Frustrated by the seeming inability of regulators and prosecutors to hold bank executives to account for losses inflicted by their companies before, during, and since the financial crisis of 2008, some scholars have suggested that private-attorney-general suits such as class action and shareholder derivative suits might achieve better results. While a few isolated suits might be successful in cases where there is provable fraud, such remedies are no general panacea for preventing large-scale bank-inflicted losses. Large losses are nearly always the result of unforeseeable or suddenly changing economic conditions, poor business judgment, or inadequate regulatory supervision—usually a combination of all three.
Yet regulators face an increasingly complex task in supervising modern financial institutions. This Article explains how the challenge has become so difficult. It argues for preserving regulatory discretion rather than reducing it through formal congressional direction. The Article also asserts that regulators have to develop their own sophisticated methods of automated supervision. Although also not a panacea, the development of “RegTech” solutions will help clear away volumes of work that understaffed and underfunded regulators cannot keep up with. RegTech will not eliminate policy considerations, nor will it render regulatory decisions noncontroversial. Nevertheless, a sophisticated deployment of RegTech should help focus regulatory discretion and public-policy debate on the elements of regulation where choices really matter.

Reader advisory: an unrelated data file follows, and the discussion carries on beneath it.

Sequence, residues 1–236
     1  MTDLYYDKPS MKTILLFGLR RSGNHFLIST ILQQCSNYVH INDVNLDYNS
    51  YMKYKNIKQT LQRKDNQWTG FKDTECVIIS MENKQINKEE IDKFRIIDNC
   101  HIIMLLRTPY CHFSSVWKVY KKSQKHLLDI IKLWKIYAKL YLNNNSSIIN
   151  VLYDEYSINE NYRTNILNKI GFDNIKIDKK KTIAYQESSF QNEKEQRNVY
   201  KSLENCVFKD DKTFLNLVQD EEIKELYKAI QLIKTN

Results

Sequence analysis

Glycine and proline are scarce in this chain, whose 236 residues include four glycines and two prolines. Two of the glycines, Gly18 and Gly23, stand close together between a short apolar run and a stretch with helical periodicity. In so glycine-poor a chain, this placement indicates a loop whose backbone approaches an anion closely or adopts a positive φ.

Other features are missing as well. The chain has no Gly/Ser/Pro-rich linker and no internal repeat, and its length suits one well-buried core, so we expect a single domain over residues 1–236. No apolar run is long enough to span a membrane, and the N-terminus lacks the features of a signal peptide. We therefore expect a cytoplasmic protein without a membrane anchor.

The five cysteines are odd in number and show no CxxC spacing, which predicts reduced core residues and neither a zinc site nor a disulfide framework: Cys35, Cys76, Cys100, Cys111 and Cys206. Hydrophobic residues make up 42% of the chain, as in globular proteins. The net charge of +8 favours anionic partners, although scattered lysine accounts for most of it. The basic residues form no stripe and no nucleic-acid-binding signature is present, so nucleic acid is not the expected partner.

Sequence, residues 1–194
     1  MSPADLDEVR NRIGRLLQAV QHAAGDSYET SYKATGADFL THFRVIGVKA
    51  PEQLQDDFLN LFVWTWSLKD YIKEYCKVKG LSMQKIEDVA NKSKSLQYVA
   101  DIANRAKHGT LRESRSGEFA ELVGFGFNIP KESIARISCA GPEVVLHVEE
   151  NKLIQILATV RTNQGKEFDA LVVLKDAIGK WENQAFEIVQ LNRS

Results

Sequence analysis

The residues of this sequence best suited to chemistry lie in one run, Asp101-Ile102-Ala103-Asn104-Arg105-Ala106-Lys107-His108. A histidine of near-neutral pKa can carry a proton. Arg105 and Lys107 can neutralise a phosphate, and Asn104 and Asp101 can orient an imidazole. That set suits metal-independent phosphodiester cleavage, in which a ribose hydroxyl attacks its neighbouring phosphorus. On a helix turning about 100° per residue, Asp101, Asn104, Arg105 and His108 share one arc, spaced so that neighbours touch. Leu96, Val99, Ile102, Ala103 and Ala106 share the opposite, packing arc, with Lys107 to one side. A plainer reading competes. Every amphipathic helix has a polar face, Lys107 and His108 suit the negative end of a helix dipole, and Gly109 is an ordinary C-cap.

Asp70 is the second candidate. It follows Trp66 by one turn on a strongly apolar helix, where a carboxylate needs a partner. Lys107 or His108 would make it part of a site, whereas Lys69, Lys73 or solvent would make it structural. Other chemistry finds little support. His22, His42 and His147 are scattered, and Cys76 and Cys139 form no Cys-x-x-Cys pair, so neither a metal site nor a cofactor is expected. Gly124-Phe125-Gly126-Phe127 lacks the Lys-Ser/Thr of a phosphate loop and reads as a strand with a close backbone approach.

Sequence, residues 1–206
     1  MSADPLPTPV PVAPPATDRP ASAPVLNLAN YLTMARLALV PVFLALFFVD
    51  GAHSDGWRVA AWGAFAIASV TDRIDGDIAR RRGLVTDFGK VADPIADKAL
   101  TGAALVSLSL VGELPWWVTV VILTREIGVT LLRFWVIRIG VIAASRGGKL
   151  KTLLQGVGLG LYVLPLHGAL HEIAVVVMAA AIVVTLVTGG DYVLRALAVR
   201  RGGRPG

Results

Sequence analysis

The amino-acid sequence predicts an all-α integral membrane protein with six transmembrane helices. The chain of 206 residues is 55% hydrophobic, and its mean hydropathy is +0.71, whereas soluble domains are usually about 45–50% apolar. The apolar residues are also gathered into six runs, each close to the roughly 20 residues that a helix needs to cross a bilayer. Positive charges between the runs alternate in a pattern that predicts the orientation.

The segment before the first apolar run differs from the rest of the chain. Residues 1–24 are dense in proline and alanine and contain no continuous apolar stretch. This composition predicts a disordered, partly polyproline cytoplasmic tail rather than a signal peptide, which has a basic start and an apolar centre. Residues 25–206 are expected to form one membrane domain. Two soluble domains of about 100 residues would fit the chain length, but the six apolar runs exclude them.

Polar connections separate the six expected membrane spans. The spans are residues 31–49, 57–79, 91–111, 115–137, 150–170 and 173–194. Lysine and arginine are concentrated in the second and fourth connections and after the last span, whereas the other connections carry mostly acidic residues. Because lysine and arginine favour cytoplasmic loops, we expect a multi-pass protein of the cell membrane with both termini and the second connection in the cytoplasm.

Lawrence G. Baxter, Adaptive Financial Regulation and RegTech: A Concept Article on Realistic Protection for Victims of Bank Failures, 66 Duke L.J. 567 (2016)
Available at: http://scholarship.law.duke.edu/dlj/vol66/iss3/5